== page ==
Cuckoo for Cuckoos – Cuckoo Bluebars, that is! March 24, 2017

At my house, we recently had the privilege of hatching some of My Pet Chicken’s Cuckoo Bluebars, and what an experience it was! We have never ordered fertile eggs before, always hatching eggs from our existing flock, so even the shipping side was a new experience for us. You can also get cuckoo bluebar started pullets (which are older birds), but we love chicks and we love to hatch, so we started with the cuckoo bluebar eggs.

When fertile eggs are shipped, the post office is instructed to hold them for pickup, but somehow, mine slipped through and were out for delivery with the regular carrier. Our fabulous Post Master tracked down the carrier, and hand delivered them right to my door! Love when we find somebody that goes above and beyond the expectation to get the job done!

Bluebars will lay blue eggs… but they hatch out of white or cream colored eggs.

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Look how snugly and neatly these are packaged!

We received 20 eggs and candled immediately, looking for damage or stress cracks. We did find one egg that looked questionable. We don’t have a fancy candler; we just use a toilet paper tube and a strong flashlight, so sometimes it is not very clear. Despite the suspected crack, we put all of them in the incubator, to see what would happen. (An egg with a hairline crack should be watched closely, though. While they can sometimes hatch with no problems,  if any bacteria has gotten inside the egg through the crack, then there is a danger of the egg exploding and contaminating all your other eggs–ugh! Luckily, that didn’t happen to us.)

candling an egg that will hatch cuckoo bluebars

Candling our cuckoo bluebar eggs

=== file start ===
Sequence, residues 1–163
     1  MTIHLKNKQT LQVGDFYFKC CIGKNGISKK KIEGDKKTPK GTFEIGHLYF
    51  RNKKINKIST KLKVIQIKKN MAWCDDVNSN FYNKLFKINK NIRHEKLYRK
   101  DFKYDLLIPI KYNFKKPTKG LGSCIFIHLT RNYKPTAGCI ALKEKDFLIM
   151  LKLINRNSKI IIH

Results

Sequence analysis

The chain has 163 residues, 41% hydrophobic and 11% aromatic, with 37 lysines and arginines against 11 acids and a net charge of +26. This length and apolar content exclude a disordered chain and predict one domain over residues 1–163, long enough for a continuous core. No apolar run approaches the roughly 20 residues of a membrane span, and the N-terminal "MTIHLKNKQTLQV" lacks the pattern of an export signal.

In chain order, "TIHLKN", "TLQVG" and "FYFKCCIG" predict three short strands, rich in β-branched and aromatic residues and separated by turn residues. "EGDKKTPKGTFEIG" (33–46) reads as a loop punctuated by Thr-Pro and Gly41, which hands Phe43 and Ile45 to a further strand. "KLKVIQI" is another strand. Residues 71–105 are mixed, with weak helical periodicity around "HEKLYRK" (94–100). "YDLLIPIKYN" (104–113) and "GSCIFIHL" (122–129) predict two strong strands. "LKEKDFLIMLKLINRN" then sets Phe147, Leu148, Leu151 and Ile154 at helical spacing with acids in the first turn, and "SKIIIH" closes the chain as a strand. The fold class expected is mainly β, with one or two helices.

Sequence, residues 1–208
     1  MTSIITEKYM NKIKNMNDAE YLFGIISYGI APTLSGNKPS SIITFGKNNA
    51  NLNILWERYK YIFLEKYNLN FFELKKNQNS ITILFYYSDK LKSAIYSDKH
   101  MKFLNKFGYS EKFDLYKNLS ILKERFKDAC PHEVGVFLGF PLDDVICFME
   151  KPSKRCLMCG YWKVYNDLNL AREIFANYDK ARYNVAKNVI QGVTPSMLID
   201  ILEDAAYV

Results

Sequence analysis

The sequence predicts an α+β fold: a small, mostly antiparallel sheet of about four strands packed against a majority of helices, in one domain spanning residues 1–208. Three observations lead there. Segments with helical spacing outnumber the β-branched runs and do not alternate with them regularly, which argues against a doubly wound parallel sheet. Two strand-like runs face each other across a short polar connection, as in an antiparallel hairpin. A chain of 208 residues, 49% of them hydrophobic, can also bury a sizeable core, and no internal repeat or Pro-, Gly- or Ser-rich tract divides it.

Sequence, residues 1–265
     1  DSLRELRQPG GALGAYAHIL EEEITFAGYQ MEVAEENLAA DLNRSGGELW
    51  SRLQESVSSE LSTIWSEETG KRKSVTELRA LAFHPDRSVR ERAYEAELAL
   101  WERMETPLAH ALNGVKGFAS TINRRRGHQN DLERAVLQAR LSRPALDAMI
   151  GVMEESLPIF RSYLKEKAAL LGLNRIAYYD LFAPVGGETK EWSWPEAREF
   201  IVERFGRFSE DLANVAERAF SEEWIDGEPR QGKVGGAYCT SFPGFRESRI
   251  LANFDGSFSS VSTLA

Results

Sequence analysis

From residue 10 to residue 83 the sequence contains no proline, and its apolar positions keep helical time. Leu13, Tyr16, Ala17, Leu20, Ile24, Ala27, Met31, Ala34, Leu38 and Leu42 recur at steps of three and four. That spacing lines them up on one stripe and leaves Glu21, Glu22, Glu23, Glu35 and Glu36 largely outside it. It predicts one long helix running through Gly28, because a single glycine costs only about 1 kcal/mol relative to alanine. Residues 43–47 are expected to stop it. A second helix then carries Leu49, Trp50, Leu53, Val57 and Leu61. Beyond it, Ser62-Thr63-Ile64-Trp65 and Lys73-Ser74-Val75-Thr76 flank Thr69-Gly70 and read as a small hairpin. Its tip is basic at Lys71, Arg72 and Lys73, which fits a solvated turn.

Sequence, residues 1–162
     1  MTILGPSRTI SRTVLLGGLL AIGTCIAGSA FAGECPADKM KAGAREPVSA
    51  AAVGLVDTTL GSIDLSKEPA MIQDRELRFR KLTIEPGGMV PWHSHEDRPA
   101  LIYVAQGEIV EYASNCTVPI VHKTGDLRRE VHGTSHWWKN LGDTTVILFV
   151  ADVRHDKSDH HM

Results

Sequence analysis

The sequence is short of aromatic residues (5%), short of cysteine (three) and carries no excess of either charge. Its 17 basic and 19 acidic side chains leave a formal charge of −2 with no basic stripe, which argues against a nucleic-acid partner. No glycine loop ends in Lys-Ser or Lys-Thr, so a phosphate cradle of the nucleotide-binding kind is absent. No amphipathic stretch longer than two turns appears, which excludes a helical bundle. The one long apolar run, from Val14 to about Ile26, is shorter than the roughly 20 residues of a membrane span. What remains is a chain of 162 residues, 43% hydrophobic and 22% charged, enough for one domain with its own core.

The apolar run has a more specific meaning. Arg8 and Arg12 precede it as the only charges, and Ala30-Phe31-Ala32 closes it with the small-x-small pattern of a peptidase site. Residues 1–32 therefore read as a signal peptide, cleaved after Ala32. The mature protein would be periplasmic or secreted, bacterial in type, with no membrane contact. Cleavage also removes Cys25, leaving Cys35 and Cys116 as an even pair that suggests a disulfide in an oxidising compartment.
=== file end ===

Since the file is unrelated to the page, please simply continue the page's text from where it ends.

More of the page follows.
We candled our cuckoo bluebar eggs again on day 11 of incubation, and pulled two eggs out of the incubator and discarded them.  One was the suspicious egg from the beginning; it did have a hairline crack, after all.  The second egg had just not developed.

Normal hatch time is 21 days, so imagine our surprise when the babies started pipping on day 19! Eventually all 18 remaining eggs hatched their little cuckoo bluebars, with only one of them “on time” at day 21. All 18 chicks were strong and healthy, so we moved them into their prepared brooder. The babies proved to be extremely hardy, fast growing and very inquisitive!

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Here they are dozing/sunning themselves in the warmth

Our first brooder is a kid-sized wading pool, with roof flashing as a barrier.  It generally works, for several weeks, but the cuckoo bluebars were super precocious, and flying out the first week!  By the end of week three, we moved them out from under the light, and into a big brooder cage.  They were even spending sunny days outside on the grass!

cuckoo bluebar pullets

Cuckoo bluebars: beautiful blue birds who will lay blue-green eggs

When the Cuckoo Bluebars got to be 6 weeks of age, we moved them to an outside brooder, with roosting space up high, and access to the ground.  They’re so curious and try to follow us around when we’re outside.  They always want to see what we are doing, but also seem to be very predator wary.

Also… gorgeous, right?

I think the Cuckoo Bluebars will be a wonderful addition to my flock.

My Pet Chicken has 100 different breeds and varieties of chicken, many in assortments of rare breeds, and available no where else! What breeds are on your wishlist… cuckoo bluebars? Jubilee Orpingtons? Cream Legbars?  something else?

 

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